This is the first part of the magic of cousins. It continues to astonish me just how many people all over the world I am related to, even if it is distantly. The idea of us being all one global family comes into striking focus as you look at a map of your relatives. This is my map, just in North America, and it is only a small fraction of the number of relatives I actually have.
These are only the relatives who have shared their location on only one of the major DNA databases. Each company has their own, constantly growing database. When you take all of that into account, and then think of the idea of a stranger, things change. As I walk down the street, or through a crowded shopping centre, I look at all of the people and wonder, “how many cousins have I unknowingly walked by today?”
It’s amazing and truly breathtaking to think about, but for an adoptee in the middle of a search for biological family, the magic just keeps getting better.
The Thing About Cousins
When you think about cousins, you usually envision first cousins; the children of your aunts and uncles. But that is just the tip of the iceberg. In your DNA match list you will see up to 4th, 5th, and even distant cousins. If you are searching for close biological family, your first reaction to seeing all of these cousins might be, “Great! Now I have to extend my search to aunts and uncles too!” But while being technically correct, it’s missing the point. You are not connected to your cousins through your aunts and uncles, you are connected to them through your grandparents. Your grandparents are the Most Recent Common Ancestors (MRCA) that you share with your first cousins.
So let that sink in; every single cousin on your list will connect directly to a grandparent, great grandparent, great great grandparent and so on. If you are starting with an empty biological tree, that is an incredibly powerful realization to have. That is the magic of cousins.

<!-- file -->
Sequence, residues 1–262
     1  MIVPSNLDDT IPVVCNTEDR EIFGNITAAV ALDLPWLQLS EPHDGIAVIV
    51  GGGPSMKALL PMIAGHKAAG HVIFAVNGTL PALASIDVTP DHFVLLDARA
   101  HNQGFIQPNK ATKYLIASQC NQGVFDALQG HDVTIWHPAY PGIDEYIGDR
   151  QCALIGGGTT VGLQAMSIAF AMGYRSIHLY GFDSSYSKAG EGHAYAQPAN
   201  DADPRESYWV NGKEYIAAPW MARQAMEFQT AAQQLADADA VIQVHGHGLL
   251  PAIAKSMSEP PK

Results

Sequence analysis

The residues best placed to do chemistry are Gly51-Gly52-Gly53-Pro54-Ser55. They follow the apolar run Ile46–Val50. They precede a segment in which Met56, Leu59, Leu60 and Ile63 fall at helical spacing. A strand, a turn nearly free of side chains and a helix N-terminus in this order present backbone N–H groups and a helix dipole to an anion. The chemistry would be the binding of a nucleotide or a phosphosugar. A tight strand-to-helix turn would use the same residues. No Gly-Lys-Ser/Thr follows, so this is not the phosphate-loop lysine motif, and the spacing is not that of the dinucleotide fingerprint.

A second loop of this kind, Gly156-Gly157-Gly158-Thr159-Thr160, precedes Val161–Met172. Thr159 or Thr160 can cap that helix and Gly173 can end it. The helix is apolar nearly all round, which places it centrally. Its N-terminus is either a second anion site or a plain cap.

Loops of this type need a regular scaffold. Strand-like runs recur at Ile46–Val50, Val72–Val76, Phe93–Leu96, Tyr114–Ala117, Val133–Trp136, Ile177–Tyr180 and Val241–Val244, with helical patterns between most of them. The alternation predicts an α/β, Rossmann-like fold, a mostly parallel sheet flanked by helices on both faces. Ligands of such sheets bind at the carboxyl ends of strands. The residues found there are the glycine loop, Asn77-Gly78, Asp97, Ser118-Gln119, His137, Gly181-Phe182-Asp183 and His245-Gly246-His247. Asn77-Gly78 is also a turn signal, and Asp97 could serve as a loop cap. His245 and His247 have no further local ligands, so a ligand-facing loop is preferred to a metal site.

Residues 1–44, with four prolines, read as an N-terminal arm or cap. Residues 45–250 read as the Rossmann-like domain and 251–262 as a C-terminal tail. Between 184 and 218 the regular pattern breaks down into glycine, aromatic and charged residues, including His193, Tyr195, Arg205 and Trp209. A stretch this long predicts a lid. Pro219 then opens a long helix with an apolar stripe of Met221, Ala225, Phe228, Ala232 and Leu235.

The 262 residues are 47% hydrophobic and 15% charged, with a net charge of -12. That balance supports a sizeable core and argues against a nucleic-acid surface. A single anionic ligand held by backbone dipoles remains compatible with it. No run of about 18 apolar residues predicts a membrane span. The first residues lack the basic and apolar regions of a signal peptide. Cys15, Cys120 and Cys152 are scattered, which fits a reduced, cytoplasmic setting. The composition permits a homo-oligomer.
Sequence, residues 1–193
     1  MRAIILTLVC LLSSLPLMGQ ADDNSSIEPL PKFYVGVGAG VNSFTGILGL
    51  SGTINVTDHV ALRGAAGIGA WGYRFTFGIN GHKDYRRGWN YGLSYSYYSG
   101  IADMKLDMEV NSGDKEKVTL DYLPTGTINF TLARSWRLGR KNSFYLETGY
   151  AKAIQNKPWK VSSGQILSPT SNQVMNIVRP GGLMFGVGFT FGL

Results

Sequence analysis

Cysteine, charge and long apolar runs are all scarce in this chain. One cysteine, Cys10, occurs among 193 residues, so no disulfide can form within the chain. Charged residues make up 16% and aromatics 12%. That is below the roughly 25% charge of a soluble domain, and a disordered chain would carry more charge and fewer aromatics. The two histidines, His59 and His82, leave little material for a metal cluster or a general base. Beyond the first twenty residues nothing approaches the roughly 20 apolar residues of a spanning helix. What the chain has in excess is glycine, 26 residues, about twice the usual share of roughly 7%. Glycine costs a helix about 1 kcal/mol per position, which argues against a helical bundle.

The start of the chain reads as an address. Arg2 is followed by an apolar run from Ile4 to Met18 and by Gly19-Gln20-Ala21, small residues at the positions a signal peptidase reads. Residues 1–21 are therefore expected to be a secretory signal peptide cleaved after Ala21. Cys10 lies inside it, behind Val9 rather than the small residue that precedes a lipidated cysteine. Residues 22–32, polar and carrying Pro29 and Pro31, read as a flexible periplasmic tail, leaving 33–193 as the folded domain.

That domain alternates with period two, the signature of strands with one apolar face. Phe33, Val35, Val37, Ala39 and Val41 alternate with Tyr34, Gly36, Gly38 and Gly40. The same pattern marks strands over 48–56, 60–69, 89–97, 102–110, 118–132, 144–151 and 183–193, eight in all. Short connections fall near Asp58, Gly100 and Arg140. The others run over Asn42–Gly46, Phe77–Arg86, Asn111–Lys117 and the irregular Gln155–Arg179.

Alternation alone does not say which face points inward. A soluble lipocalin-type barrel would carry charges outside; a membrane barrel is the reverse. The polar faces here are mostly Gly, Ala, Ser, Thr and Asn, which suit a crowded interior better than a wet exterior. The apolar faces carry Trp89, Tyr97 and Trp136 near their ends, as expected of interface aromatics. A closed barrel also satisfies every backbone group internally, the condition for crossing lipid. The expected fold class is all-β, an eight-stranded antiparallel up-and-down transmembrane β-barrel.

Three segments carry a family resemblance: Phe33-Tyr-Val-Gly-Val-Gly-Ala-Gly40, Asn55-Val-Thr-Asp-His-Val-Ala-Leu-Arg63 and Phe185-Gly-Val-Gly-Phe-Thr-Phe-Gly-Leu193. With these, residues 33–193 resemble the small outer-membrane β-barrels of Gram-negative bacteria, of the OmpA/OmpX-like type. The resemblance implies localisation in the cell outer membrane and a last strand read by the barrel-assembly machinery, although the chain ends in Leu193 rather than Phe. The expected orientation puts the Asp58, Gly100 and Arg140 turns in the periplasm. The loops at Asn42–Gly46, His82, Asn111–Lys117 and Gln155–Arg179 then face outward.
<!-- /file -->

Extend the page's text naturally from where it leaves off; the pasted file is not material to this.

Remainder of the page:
So how does it work exactly? The rule of thumb I have learned is to count the Gs. Grandparents have one G and they are the MRCA for you and your first cousins; one G= 1st cousin. Your Great Grandparents are the MRCA for you and your 2nd cousins; 2Gs = 2nd cousin. And it works the same as you go further.
This is the magic, and for those who are searching, the gift of cousins. Cousins don’t just tell us who our aunts and uncles etc.. are; they point directly to grandparents.
It is obviously so much easier if a first cousin, aunt, uncle, grandparent, sibling, or even a parent shows up in your list of DNA matches, but that is not the experience for a vast majority of people involved in adoptive searches. It’s not, however, the end of the road. You don’t have to sit and wait until one of these close relatives shows up. What if that takes years? Or never happens?
Many people have found their biological parents or siblings through third or even fourth cousins. The further removed you are (a fourth cousin is connected to you through your Great Great Great Grandparent), the more work you are going to have to undertake to connect the dots and find the connections.
How much of an effort? Let’s run some numbers. You have:
- 4 grandparents: 1st cousin
- 8 great grandparents: 2nd cousin
- 16 great great grandparents: 3rd cousin
- 32 great great great grandparents: 4th cousin
That is a lot of people to sort through. So the closer you are, the less work is involved in finding your MRCA. If there are no close relatives on your list of matches the rule of thumb is to try to work with your second or third cousins for two reasons:
- it is less work to go through fewer sets of grandparents,
- the further back you have to go, the less likely it is that these cousins will have the ancestor you need in their tree.
We will discuss the actual technique of grouping and working through all of your cousin matches in a future article. What we want you to take away from this is that there really is magic in cousins; in feeling a greater sense of connection, and in giving us a concrete way to find our biological relatives.